'Family Friendly' Streaming Service Loses Battle With Hollywood

Tech company VidAngel, which operated a supposedly “family friendly” streaming video service, infringed movie studios' copyright, a federal judge ruled Thursday.

The decision marks another in a string of defeats for VidAngel, which briefly operated a $1 streaming video service that allowed users to censor nudity or violence from videos. VidAngel, which launched in 2015, purchased DVDs like "The Martian" and "Star Wars: The Force Awakens," and then streamed them from its own servers, without obtaining licenses from the studios. In some cases, those films weren't otherwise available for on-demand viewing.

Disney, Warner Bros and 20th Century Fox sued VidAngel in June of 2016, arguing that the startup was infringing copyright by streaming programs without a license.

VidAngel said its service was protected by the Family Movie Act, a 2005 law intended to enable parents to censor movies. The Family Movie Act appears to create an exemption to copyright infringement laws when people tinker with legally acquired DVDs in order to mute or hide "limited portions of audio or video content."

In late 2016, U.S. District Court Judge Andre Birotte Jr. in Los Angeles enjoined VidAngel from operating while the lawsuit was pending.

The company then unsuccessfully appealed to the 9th Circuit Court of Appeals, which upheld the injunction. The appellate judges rejected VidAngel's analysis of the Family Movie Act, ruling that the company's interpretation of the law “would severely erode” the rights of content creators.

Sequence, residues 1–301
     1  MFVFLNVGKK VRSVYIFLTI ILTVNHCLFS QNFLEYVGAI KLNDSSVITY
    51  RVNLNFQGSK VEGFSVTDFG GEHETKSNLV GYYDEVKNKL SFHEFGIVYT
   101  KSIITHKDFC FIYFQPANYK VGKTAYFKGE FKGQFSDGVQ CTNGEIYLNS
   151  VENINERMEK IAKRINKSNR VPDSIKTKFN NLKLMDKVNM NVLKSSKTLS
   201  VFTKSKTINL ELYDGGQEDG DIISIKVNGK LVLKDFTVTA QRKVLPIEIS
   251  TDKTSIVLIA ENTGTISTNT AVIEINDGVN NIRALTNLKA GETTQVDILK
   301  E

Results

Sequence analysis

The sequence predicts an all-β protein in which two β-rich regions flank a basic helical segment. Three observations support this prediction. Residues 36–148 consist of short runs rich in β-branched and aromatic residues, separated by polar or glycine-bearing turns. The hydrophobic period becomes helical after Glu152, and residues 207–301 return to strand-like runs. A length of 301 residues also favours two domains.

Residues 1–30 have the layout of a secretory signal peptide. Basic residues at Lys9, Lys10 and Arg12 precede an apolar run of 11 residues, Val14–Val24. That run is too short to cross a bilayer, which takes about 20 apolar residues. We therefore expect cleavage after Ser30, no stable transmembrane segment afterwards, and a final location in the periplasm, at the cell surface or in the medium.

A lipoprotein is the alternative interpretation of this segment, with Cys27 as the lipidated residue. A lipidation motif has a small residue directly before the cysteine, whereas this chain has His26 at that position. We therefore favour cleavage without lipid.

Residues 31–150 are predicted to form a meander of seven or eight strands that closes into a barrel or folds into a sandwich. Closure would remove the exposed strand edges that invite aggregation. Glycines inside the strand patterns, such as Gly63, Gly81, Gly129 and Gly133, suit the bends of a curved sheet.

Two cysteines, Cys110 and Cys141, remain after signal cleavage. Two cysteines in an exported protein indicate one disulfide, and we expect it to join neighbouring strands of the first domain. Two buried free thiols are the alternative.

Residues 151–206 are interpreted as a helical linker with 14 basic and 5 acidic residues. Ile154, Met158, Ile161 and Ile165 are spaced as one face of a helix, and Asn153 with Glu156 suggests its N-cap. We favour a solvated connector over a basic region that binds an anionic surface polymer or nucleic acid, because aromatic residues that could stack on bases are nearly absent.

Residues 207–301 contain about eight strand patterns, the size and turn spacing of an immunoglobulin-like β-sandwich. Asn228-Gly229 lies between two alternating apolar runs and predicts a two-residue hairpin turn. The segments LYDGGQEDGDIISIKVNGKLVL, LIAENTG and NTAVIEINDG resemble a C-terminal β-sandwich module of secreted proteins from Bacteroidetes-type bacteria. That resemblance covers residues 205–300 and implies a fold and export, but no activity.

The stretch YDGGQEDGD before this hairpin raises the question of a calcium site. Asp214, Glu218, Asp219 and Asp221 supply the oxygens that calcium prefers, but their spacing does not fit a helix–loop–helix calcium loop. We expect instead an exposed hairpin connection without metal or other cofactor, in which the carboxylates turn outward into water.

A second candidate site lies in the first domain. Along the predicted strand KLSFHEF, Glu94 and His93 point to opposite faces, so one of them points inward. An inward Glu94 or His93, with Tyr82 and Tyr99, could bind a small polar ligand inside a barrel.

The judges who issued and upheld the injunctions found that VidAngel was likely to lose its case, but didn't definitively rule that the company infringed copyright.

Last year, the studios asked Birotte to officially find that VidAngel infringed copyright.

VidAngel countered that it was entitled to a trial, where it could press its arguments about the Family Movie Act. The company argued that the 9th Circuit judges based their decision to uphold the injunction on an “undeveloped factual record.”

Birotte rejected that request on Wednesday, ruling that the company hadn't shown that anything had changed since the earlier decisions.

Birotte hasn't yet ruled on how much VidAngel owes the studios in damages. The company, which filed for bankruptcy in 2017, is now operating a different filtering service that allows people to screen out objectionable material from Amazon, Netflix and other streaming video providers. VidAngel stated Wednesday that Birotte's decision doesn't impact the current service.

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